The JPI-AMR grant ‘Diagnostics and surveillance of antimicrobial resistance: development of tools, technologies and methods for global use’ has been awarded to Quirijn de Mast and Marien de Jonge, theme Infectious diseases and global health, the Charles University Prague and the Kilimanjaro Christian Medical Centre in Moshi, Tanzania. The project entitled: ‘Prevention of antibiotic resistance by TARGEted Treatment of pneumonia in children (TARGET)’ will be coordinated by Marien de Jonge.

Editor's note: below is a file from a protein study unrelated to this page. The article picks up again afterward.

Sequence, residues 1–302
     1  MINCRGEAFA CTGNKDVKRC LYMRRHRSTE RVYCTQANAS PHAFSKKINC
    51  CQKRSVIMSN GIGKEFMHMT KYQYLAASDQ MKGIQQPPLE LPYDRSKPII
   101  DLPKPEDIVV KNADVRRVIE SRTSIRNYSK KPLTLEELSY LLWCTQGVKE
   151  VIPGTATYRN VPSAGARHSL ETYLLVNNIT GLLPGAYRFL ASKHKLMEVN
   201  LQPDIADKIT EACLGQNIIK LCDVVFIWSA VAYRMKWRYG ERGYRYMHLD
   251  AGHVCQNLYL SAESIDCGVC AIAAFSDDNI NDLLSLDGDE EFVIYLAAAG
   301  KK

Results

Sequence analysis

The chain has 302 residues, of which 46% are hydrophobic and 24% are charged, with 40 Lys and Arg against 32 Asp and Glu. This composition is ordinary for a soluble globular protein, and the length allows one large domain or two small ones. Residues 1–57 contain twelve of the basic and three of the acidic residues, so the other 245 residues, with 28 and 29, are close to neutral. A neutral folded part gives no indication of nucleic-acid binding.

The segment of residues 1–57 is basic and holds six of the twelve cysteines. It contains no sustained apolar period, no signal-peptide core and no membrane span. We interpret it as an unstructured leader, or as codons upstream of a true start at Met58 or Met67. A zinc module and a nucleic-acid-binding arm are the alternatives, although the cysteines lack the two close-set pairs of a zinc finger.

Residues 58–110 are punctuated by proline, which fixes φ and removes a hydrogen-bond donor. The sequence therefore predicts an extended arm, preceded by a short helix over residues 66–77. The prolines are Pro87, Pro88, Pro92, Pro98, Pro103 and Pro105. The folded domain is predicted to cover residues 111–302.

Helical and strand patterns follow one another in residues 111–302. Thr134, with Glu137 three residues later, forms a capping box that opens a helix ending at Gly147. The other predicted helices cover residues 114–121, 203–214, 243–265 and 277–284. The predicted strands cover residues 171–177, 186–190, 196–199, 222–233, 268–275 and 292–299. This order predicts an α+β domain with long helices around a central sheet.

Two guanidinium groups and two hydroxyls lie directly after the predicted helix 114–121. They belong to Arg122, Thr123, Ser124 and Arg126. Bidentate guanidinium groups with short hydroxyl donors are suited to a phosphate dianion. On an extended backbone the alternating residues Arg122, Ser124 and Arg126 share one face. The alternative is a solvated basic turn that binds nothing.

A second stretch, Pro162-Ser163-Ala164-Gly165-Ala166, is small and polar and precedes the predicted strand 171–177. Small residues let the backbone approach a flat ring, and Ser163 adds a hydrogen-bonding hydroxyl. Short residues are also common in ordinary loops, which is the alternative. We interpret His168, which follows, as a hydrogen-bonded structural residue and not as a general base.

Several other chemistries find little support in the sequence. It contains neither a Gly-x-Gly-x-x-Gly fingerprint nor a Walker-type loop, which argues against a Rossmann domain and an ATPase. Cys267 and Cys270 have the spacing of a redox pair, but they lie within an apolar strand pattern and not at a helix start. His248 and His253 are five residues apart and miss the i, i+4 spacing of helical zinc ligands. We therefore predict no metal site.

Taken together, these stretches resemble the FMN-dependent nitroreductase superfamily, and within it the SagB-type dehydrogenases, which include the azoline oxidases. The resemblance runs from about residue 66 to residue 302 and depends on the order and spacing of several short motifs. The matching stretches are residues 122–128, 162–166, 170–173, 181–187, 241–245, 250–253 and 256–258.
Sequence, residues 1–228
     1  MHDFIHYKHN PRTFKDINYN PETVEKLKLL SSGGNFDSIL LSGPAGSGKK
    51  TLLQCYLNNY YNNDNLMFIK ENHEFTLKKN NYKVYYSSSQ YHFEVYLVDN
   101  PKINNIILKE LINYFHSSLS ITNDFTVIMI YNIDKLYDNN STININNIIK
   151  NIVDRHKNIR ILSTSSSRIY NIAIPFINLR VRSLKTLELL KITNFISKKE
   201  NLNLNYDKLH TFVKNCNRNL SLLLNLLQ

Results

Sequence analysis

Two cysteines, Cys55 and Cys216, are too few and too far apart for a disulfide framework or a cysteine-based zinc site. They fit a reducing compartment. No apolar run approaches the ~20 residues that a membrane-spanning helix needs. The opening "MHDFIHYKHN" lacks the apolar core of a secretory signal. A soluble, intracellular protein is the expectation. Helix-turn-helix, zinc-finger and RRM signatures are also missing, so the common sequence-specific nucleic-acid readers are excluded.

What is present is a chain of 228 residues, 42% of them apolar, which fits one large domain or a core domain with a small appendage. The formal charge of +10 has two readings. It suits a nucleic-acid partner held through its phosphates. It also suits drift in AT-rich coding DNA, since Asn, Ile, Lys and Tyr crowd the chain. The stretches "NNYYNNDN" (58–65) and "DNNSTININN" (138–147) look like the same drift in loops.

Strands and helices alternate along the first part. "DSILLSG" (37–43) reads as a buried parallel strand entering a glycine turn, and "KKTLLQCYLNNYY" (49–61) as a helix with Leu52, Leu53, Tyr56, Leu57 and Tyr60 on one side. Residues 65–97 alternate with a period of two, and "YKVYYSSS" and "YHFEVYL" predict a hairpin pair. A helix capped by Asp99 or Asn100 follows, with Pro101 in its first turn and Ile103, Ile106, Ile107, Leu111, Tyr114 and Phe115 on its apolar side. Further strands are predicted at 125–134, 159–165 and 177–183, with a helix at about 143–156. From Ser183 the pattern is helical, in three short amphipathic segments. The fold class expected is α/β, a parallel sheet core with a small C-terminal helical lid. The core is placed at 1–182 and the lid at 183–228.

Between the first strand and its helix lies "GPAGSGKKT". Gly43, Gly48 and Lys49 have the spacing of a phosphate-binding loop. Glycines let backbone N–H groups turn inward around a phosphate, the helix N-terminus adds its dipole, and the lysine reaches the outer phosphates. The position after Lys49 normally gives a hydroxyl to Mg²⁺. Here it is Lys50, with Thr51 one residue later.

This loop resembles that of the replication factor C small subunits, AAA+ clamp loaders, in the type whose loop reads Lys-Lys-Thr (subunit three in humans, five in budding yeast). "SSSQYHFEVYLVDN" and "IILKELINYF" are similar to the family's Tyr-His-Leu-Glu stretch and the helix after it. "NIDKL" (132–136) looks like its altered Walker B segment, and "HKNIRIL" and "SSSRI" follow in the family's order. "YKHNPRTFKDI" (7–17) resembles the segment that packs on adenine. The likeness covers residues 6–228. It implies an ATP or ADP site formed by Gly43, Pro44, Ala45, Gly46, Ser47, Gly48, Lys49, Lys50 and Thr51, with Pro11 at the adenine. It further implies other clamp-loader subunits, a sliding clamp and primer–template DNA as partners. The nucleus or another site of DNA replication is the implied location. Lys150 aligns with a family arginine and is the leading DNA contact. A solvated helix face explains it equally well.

Lower respiratory tract infections (LRTI), such as pneumonia, are a leading cause of death especially in children below the age of 5 years. Low and middle-income countries (LMIC) have the highest burden of childhood pneumonia. Most LRTIs are caused by viruses, but differentiating viral from bacterial causes is mostly impossible due to the lack of accurate diagnostics. As a consequence, most cases are treated empirically leading to overuse and misuse of antibiotics, which is an important driver of the global epidemic of antimicrobial resistance. In this project a newly developed diagnostic device, which is based on the entrapment of aerosols from the lower respiratory tract will be used to identify the etiological agent in children with LRTI.
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